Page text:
The scene was punctuated by dramatic entrances and revelations. Daniels – the porn actress who alleged she had a sexual affair with the president – made an appearance, stumbling on her high heels as she was swarmed by press. Cohen was forced to reveal that another one of his clients is Fox News host Sean Hannity, a high-profile confidant of the president.
Trump left the White House for Florida, for a two-day summit with Japanese Prime Minister Shinzo Abe at the president’s Mar-a-Lago estate. Advisers are hoping the meeting will draw attention from the legal tempest in Washington and New York.
On the trip south, White House spokeswoman Sarah Huckabee Sanders sought to put distance between Trump and Cohen, saying: ‘I believe they’ve still got some ongoing things, but the president has a large number of attorneys, as you know.’
The federal raid, carried out a week ago in New York City, sought bank records, information on Cohen’s dealing in the taxi industry, Cohen’s communications with the Trump campaign and information on payments he made in 2016 to former Playboy model Karen McDougal and to Daniels, both of whom allege relationships with Trump. The court proceedings Monday dealt with who gets to look at Cohen’s seized documents and devices before they are turned over to prosecutors.
Though Cohen once said he ‘would take a bullet’ for Trump, he is aware of the possible outcome – including potential prison time – and has expressed worry about his family, said a person who has spoken to the lawyer in recent days but is not authorized to discuss private conversations.
Cohen has not been charged with anything.
Trump’s moods have grown more dour in recent days, as he lashes out at the ‘overreach’ of the raid. Further angering the president is that the raid was triggered in part by a referral from special counsel Robert Mueller, who is looking into Russian interference in the 2016 U.S. presidential election. The raid was authorized by the U.S. Attorney for the Southern District of New York.
On Twitter Sunday, Trump said that all lawyers are now ‘deflated and concerned’ by the FBI raid on Cohen, adding that ‘Attorney Client privilege is now a thing of the past.’ Trump has also taken to downplaying Cohen’s role.
The president also inveighed further against former FBI Director James Comey, who said Monday morning that Trump was morally unfit to be president. That was a few hours after Comey said the same and worse in a highly promoted ABC interview.
Many in the White House view the aftershocks of the Cohen raid as potentially more threatening than Mueller’s Russia probe, fearful of what skeletons may be in the lawyer’s closets, according to five officials and outside allies who all spoke on the condition of anonymity to discuss private conversations.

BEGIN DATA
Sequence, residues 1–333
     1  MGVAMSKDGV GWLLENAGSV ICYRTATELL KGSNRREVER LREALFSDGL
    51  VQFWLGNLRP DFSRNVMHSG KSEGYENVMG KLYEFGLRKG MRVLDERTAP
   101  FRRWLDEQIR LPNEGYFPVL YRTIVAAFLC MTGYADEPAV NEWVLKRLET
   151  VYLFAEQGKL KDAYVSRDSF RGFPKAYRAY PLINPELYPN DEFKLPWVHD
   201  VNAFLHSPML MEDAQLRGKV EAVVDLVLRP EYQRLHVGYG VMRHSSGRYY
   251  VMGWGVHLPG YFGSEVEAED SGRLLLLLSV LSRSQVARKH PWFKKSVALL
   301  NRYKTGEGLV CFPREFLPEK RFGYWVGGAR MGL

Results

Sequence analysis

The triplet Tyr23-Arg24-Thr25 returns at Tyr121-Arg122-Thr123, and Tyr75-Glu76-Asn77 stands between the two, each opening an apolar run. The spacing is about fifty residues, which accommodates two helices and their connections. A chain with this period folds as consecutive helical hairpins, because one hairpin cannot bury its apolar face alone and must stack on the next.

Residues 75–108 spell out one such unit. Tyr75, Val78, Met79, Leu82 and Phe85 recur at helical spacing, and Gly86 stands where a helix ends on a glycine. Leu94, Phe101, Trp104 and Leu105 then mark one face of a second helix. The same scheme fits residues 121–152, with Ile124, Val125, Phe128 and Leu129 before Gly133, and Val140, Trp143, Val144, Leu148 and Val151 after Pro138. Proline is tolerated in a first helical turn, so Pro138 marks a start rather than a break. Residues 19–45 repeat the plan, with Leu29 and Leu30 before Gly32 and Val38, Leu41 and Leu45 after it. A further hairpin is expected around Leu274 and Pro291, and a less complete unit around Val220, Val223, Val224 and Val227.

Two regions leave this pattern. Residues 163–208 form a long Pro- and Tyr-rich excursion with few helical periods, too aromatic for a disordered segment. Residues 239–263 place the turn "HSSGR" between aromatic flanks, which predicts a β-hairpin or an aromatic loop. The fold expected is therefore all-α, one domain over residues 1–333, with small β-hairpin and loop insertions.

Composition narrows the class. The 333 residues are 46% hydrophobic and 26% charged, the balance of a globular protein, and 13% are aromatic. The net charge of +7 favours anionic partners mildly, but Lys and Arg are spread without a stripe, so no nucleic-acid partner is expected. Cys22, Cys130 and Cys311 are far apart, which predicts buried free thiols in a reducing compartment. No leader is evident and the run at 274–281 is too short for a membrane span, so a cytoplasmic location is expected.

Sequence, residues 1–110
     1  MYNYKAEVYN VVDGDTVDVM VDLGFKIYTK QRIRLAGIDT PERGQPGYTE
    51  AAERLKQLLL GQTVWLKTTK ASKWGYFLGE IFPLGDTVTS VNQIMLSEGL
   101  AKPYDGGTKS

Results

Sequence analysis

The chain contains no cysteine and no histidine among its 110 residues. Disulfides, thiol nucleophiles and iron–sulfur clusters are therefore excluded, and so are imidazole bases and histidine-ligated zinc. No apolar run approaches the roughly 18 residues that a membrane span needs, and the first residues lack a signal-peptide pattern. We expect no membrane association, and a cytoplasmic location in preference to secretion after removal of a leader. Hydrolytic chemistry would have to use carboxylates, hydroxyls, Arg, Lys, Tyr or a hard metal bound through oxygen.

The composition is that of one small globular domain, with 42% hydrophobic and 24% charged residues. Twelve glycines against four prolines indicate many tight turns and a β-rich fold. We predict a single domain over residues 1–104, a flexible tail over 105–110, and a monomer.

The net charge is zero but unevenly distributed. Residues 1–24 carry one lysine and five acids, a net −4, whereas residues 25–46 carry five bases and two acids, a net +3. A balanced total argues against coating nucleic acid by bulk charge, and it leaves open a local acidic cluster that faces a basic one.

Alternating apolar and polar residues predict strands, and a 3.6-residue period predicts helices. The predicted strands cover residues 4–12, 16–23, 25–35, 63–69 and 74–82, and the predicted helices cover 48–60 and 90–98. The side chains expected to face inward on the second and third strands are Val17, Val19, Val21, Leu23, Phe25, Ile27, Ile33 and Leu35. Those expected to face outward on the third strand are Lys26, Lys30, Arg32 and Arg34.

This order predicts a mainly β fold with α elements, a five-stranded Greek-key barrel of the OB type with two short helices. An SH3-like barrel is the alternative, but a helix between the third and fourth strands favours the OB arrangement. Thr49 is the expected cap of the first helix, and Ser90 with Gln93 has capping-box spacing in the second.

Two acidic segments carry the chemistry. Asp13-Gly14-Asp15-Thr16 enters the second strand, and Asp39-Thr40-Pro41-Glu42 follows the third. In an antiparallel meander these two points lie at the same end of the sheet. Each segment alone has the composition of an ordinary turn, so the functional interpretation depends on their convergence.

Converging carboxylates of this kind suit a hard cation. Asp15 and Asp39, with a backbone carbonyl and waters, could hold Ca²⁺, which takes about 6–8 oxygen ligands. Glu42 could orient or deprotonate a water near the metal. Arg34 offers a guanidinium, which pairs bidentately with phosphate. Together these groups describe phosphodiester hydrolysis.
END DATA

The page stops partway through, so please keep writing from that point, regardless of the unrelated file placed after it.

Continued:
‘I agree with the consensus forming that it’s very dangerous for the president, probably the most serious thing yet,’ said Sol Wisenberg, a defense attorney who was a deputy independent counsel during the Starr special counsel investigation into Clinton. ‘Even if you shut Mueller down some way, how do you shut down the Southern District [federal court]?’
Trump’s anger at the probe has intensified, with him musing publicly about firing Mueller and the man who authorized the probe, Deputy Attorney General Rod Rosenstein. Those around Trump have hoped that this week’s visit to Mar-a-Lago, where he is generally happier, along with the tightly scheduled summit with Abe, would somewhat distract him from Cohen and from Comey’s ongoing publicity tour.
Michael Cohen, President Donald Trump’s personal attorney, center, leaves federal court following a hearing on Monday
But White House aides have also expressed worry that they can control Trump less at his palatial Florida estate, where he is known to seek out counsel from club members and get revved up by their at-times provocative advice. One recent presidential dinner guest was Hannity, a longtime Trump ally whose connection to Cohen shed more light on the attorney who was more than just a lawyer for Trump.
Cohen has long been a key power center in the Trump Organization and a fixture along the edges of Trump’s nascent political life. In Cohen’s own estimation, he is Trump’s Ray Donovan, the bruising television character who takes whatever steps are needed to fix problems for the tycoon he serves.
He has regularly threatened lawsuits against those who pose a challenge to Trump. He has berated reporters for writing unflattering words about his boss. He has worked with tabloids, including the National Enquirer, to kill unfavorable stories about Trump. He has said he used a home-equity loan to finance a $130,000 payment to Daniels in the final days of the 2016 campaign and did so without Trump’s knowledge.
The president has consistently denied a relationship with Daniels, who claims the two had sex not long after first lady Melania Trump gave birth to the couple’s son Barron. He has also pushed back against other claims from women.
A recent Trump fundraising email praised Mrs. Trump, with the president calling her ‘my rock and foundation.’